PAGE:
Despite all of the acclaim that’s followed Philadelphia outfit Nothing since issuing Guilty of Everything in 2014, the band has certainly been put through the wringer over the last couple of years. Their breakthrough release dealt with aspects of loss, partly inspired by leader Domenic Palermo’s stint in jail over an aggravated-assault charge, and the act’s fusion of full-fuzz guitars and melancholy had them primed as modern favourites for the ’90s revival. While Nothing’s music career got a big boost, a series of unfortunate outside events dragged the band down when it should’ve been riding a high.
Following a concert in Oakland, Palermo was mugged and viciously attacked, leading to serious injuries to his skull and spine. Tragically, the frontman’s personal life took another blow with the accidental death of his father. On the business side of things, Nothing faced a major shakeup after learning that their new label, Collect Records, was being bankrolled by AIDS pill gouger Martin Shkreli–albeit, this bit of dubious business dealing being unbeknownst to the imprint’s founder, Geoff Rickly. All the same, they parted ways to return to Relapse, with whom they’d issued their last LP. To say the least, if parts of the band’s new Tired of Tomorrow release sound a bit downtrodden, there are at least a couple of good reasons as to why.
The record begins with cathartic relief in the form of the textured noiseplay and bashed cymbals of “Fever Queen.” While Nothing has often been lumped into a nouveau shoegaze scene, the quartet seem to be taking their influence from a much different place than other acts aping the early Creation catalogue. Instead, the ethereal sadness wrapped around pieces like this opening number seem to be much more Americanized, here playing out as if someone scrubbed off the metal edges of the Deftones. Palermo’s Paxil-dosed tones above the slow-mo crush even come out soft and blurry, like a classic Chino Moreno vocal.
“ACD” lands with a harder groove, with Palermo trafficking in cryptic, self-effacing lyrics. “I am not well,” he warns to another, adding, “and I will leave you with a bad taste in your mouth.” “Curse of the Sun” pushes along powerfully with one-fingered drop D barre chords that could have escaped from Hum’s You’d Prefer an Astronaut sessions. The outfit know how to handle heavy melodies.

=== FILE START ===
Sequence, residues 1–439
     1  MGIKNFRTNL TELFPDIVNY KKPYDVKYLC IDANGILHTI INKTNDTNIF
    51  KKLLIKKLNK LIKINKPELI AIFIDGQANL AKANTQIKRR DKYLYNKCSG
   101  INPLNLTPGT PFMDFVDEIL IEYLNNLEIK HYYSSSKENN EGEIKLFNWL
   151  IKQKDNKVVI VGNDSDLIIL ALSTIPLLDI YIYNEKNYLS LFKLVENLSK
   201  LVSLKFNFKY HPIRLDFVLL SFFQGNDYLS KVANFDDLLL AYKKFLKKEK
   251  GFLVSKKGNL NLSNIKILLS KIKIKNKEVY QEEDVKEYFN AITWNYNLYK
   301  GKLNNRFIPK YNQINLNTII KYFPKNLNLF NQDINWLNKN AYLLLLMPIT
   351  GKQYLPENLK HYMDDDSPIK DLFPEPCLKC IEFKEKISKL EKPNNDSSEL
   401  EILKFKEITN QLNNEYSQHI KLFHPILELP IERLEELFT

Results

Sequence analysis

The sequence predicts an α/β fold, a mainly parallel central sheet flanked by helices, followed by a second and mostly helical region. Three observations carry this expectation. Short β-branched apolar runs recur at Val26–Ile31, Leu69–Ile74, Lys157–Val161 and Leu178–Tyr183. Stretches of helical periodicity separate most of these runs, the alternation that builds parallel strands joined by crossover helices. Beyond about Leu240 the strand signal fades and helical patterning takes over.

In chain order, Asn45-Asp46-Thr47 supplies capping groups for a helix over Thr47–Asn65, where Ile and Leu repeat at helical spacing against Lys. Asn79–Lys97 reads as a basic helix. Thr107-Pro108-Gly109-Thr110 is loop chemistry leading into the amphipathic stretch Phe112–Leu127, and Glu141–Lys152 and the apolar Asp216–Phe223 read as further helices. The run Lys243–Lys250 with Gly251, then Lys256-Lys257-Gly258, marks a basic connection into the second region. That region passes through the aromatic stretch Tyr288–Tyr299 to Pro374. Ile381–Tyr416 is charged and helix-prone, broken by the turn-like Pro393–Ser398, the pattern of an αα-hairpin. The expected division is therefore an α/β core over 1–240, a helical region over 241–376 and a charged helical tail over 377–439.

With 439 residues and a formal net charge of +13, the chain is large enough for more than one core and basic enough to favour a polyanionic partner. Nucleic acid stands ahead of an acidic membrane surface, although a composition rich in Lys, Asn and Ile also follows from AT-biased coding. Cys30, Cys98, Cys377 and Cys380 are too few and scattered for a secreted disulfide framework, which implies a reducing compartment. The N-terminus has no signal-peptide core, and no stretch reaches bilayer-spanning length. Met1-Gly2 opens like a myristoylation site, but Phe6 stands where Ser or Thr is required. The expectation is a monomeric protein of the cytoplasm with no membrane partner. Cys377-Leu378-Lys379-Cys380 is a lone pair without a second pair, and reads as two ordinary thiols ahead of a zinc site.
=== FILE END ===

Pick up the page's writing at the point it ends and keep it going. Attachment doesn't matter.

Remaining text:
Tired of Tomorrow steps away from the dialed-up sonics of Guilty of Everything a bit, but this comes with mixed results. “Nineteen Ninety Heaven” and “Our Plague” are pleasant enough, but their extended, simplistic melodies become forgettable the longer they drag out. The title track’s spacious piano-and-strings arrangement is a drastic departure, for sure, but slotting it as the closing number might be to the band’s detriment.
“The Dead and the Dumb” adds a different kind of jangle to the group, but maybe not one Nothing is accustomed to quite yet. Alluding to a diametric struggle, Palermo quips of being “too heavy for the lightness” while also being “weightless in the rain.” This philosophical purgatory may well carry over into the overall feel of Nothing’s Tired of Tomorrow, a record that hasn’t quite figured out the perfect balance between quiet and loud.
It’s possible they’ll lock into something special in the future, but then again, Nothing are already tired of tomorrow.
– review by Gregory Adams